Indian coffees

With mystical beginnings in the 17th century, Indian coffees are appreciated globally - both for their unique taste characteristics and for the environment friendly practices that the country's coffee planters have persisted with over time. Intercropping with different types of spices provides interesting subtleties to these coffees that have won them widespread acclaim.

Indian coffees

With mystical beginnings in the 17th century, Indian coffees are appreciated globally - both for their unique taste characteristics and for the environment friendly practices that the country's coffee planters have persisted with over time. Intercropping with different types of spices provides interesting subtleties to these coffees that have won them widespread acclaim.

Tea
coffee
spice

BREW YOUR OWN TURKISH COFFEE

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Everyone knows and loves Turkish coffee – is there anything the country is more popular for? Well ok, many things… beautiful kilims and exotic kebabs to start with but the coffee is a head turner too!Turkish coffee needs to be prepared carefully, and a special vessel is used, called an Ibrik to make the potent brew. An ibrik is essentially a small Turkish coffee pot that can withstand intense heat. Any sugar is added during the brewing process itself, and not after, the latter being the more popular way to prepare coffee in India. One never adds cream or milk to Turkish coffee, and even the sugar is optional. The coffee then comes served in demitasse cups usually with a small piece of something sweet by the side. Cofee and dessert at one go! It’s also popular to finish your coffee and then have your fortune told by the placement of the coffee grinds left in the cup, much like the reading of tea leaves!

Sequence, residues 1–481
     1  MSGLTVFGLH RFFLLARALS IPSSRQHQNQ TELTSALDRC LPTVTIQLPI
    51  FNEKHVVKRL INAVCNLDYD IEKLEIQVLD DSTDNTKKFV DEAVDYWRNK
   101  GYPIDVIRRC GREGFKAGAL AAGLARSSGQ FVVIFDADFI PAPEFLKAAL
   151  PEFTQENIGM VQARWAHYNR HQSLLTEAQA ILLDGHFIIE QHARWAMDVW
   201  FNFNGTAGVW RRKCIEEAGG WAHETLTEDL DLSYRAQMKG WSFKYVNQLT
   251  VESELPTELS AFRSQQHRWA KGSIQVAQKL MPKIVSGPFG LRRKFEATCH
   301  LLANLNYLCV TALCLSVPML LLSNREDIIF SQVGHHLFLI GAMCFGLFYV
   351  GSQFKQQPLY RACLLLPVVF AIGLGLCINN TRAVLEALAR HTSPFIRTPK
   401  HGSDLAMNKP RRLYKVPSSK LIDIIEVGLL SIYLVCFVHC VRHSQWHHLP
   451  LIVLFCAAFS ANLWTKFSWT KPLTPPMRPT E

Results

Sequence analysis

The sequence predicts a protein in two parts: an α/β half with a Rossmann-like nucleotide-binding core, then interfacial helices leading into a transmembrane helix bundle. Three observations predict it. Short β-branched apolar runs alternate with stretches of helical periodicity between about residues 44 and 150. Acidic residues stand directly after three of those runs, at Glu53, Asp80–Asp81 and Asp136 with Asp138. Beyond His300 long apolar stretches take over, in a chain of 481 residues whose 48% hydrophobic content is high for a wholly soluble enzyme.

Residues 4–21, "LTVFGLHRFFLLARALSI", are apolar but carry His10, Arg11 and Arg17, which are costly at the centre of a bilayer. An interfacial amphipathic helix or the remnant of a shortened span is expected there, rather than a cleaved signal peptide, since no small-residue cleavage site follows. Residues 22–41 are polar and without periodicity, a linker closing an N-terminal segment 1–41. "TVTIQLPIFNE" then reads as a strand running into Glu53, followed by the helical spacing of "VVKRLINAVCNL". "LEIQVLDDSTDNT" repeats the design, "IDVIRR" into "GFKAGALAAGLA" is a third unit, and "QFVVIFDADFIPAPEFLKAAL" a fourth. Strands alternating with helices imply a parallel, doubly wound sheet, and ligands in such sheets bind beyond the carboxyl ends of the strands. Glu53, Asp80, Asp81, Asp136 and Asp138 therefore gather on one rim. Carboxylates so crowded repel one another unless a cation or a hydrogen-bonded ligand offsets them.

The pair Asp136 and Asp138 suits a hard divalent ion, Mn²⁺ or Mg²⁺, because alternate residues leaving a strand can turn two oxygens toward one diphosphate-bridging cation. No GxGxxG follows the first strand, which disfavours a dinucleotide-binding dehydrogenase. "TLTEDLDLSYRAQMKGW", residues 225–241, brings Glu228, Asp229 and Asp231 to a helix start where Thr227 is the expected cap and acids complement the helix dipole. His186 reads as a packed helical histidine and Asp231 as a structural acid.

RECIPE (Makes 4 Units)

Ingredients

2
cups of water

2 
tablespoon of extra fine ground coffee (powder consistency)

1⁄4
teaspoon ground finely ground or the seeds from two pods of cardamom

Sugar (optional)

Instructions

1.Use the ibrik to bring water and sugar to a boil. (A small saucepan works as well, but hey if you want to go for authenticity, we say you harass a friend into bringing you one from the Grand Bazaar in Istanbul!)

2. Add the coffee and cardamom to water after it’s been taken off the heat.

3. Return saucepan to heat and bring to a boil once again.

4. Remove the brew from all heat when the coffee starts to foam.

5. Return to heat once again, on a slow simmer, allowing the coffee to foam and voila, this time your brew really is ready!

6. Pour into cup, and allow to sit for a few minutes until  the grounds to settle

7. Add Cardamom pods to taste for added flavor.

Notes

1. Turkish coffee is always be served with foam on top.

2. You can also make do without finely ground Arabic coffee – since Turkish

coffee is all about texture. Simply purchase a bag of coffee at and any coffeehouse will grind it for you to make Turkish style coffee. Aim for a powder-like consistency.

3. Do not stir the coffee once it is poured into cups in order to avoid the foam

collapsing.

*





Nov 062017

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